I was wondering whether there is a way to find intermediate digits of an algebraic equation. For example, if I have


And I want to find the $10^9$th decimal digit after the decimal place of a particular solution. (Note that I chose this example simply to demonstrate the lack of a simple closed-form solution, I am not looking for a specific solution to this particular equation.)

I was wondering if there is any time-efficient way to do this or do I have to calculate every digit before the targeted one?

  • $\begingroup$ There is a famous instance of the partial computation of the digits of a number with the BBP formula for $\pi$ (en.wikipedia.org/wiki/…). If you can express your number as a power series with small rational coefficients and evaluated at $1/10$, you can use the same working principle. $\endgroup$ – Yves Daoust Jan 23 '15 at 16:53
  • $\begingroup$ @YvesDaoust I think continued fractions might be more appropriate, given his equation and their good approximation properties. $\endgroup$ – cactus314 Jan 23 '15 at 17:13
  • $\begingroup$ @johnmangual: how do you evaluate a continued fraction without computing the digits from the beginning ? $\endgroup$ – Yves Daoust Jan 23 '15 at 17:20
  • $\begingroup$ @YvesDaoust that's the beautify of it. using the equation itself as information we deduce more and more continued fraction digits of our number. see Enrico Bombieri's continued fractions and algebraic numbers. our number is definitely algebric, e.g. let $x = z^{12345 \times 3456}$. $\endgroup$ – cactus314 Jan 23 '15 at 21:32
  • $\begingroup$ @johnmangual: is there an algorithm to compute the $n^{th}$ decimal in time linlogarithmic with respect to $n$ by continued fractions ? $\endgroup$ – Yves Daoust Jan 25 '15 at 17:54

In your particular case, I can't say very much, but notice this looks very much like Bezout's identity for the greatest common divisor.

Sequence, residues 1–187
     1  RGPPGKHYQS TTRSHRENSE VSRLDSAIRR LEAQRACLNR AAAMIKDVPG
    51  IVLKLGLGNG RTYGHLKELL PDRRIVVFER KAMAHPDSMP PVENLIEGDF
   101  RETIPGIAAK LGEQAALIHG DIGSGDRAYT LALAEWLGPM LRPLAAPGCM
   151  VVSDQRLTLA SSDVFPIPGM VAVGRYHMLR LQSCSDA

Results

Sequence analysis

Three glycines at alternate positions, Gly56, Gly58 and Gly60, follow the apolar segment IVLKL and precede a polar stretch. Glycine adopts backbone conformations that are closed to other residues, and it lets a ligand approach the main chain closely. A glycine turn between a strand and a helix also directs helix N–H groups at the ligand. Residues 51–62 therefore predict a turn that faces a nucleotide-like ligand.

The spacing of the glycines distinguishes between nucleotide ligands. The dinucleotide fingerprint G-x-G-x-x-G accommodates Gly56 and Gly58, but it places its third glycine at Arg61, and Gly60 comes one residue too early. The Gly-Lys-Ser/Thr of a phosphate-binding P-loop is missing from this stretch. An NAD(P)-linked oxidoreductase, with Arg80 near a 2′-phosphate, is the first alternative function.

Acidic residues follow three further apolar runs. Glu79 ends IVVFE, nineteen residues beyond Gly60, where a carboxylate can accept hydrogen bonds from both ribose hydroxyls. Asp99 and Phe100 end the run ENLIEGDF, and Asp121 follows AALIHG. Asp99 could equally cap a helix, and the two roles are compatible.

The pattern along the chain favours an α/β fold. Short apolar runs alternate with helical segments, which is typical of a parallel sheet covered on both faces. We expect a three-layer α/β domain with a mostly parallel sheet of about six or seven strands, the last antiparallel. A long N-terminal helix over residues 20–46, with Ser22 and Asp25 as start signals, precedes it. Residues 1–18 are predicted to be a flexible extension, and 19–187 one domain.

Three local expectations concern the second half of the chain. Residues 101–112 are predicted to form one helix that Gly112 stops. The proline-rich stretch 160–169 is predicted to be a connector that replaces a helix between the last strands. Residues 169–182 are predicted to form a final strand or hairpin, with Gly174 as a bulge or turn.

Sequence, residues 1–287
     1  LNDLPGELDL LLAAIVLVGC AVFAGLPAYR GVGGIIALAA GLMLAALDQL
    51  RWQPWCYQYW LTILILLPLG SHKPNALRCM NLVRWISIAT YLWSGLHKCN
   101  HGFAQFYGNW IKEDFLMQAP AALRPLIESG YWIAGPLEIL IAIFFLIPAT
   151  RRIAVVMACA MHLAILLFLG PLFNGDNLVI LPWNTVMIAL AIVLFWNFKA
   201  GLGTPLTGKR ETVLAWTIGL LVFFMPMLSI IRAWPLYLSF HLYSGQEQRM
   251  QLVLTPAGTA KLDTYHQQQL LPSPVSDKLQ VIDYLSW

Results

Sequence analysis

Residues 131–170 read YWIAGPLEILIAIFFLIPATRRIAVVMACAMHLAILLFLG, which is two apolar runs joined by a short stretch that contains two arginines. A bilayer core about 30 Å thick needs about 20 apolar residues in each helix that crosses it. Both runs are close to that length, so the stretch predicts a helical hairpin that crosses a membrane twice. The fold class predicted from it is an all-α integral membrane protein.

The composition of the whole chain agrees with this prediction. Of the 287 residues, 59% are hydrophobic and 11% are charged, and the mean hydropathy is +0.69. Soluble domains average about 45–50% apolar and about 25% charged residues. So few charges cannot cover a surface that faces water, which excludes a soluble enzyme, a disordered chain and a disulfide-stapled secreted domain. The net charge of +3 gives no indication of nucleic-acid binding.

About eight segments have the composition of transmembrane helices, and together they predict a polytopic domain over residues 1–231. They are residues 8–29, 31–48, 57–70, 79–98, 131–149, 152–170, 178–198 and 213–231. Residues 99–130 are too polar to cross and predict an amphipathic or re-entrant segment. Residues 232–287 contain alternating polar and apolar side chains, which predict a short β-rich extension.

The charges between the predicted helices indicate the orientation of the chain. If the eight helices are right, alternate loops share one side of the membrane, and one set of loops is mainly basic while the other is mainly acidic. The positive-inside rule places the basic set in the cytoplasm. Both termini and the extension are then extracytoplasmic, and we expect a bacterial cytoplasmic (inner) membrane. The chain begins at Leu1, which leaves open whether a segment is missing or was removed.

$$ \mathrm{gcd}(a,b) = 1 \longleftrightarrow \exists \; x,y \in \mathbb{Z} : ax + by =1$$

We can clear denominators:

$$ \frac{234}{24621} - x^{\frac{1}{3456}- \frac{1}{12345}} = \frac{1}{24621 \times x^{\frac{1}{12345}}}$$

To simplify things let $y = x^{\frac{1}{12345}}$ and notice that $\frac{12345}{3456} \approx 3.5$ then

$$ \frac{1}{105} = y^{2.5} + \frac{1}{24621 \times y} $$

Then we get an upper and lower bound for $y$:

$$ y < \bigg(\frac{1}{105}\bigg)^{\frac{1}{2.5}}< 0.16 \hspace{0.25in}\text{and}\hspace{0.25in} y > \frac{105}{24621} = \frac{1}{234} > 0.004$$

Going back to our original equation:

$$ \bigg| \frac{1}{105} - y^{2.5}\bigg| = \frac{1}{24621 \times y} < \frac{1}{24621 \times \frac{1}{234}} = \frac{1}{105}$$

It may be very difficult to get the billion digit of $x$ this way, but we have much more to go on than we started.

This style of computation loosely resembles Halley's method for solving equations. It states if we want to solve $f(x) = 0$

$$x_{n+1} = x_n - \frac{2f(x_n)f'(x_n)}{2[f'(x_n)^2 - f(x_n)f''(x_n)} $$

incorporating idea of Newton's method of fluxions... We can also try to solve just using Newton-Raphson method:

$$ x_{n+1} = x_n - \frac{f(x_n)}{f'(x_n)}$$

In either case we use our work to start with the value $\boxed{y = \frac{1}{10}}$ (since I changed variables) and try to iterate either Newton or Halley's procedures. See On the geometry of Halley’s method

One of the original motivating examples of Sir Edmund Halley's method was to demonstrate the example of Thomas Fautet de Lagny:

$$ a + \frac{ab}{3a^3 + b} < (a^3 + b)^{1/3} < \frac{a}{2} + \sqrt{\frac{a^2}{4} + \frac{b}{3a}} $$

As long as $b \ll a^3$. This tells us for example that $3 + \frac{3}{82} < \sqrt[3]{28} < \frac{3}{2} + \sqrt{ \frac{9}{4} + \frac{1}{9}}$ which is decent.


Your Answer

By clicking “Post Your Answer”, you agree to our terms of service, privacy policy and cookie policy

Not the answer you're looking for? Browse other questions tagged or ask your own question.